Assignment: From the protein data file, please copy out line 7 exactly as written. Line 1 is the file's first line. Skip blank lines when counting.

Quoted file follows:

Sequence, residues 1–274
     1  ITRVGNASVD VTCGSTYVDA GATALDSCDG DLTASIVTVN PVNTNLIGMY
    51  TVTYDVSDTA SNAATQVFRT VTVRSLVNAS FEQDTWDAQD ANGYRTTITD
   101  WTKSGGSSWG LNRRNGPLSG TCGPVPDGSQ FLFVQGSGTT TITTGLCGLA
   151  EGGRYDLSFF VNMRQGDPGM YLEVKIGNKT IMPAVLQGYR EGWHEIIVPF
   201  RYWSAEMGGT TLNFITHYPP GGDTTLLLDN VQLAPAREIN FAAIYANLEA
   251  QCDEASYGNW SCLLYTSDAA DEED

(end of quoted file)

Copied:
   251  QCDEASYGNW SCLLYTSDAA DEED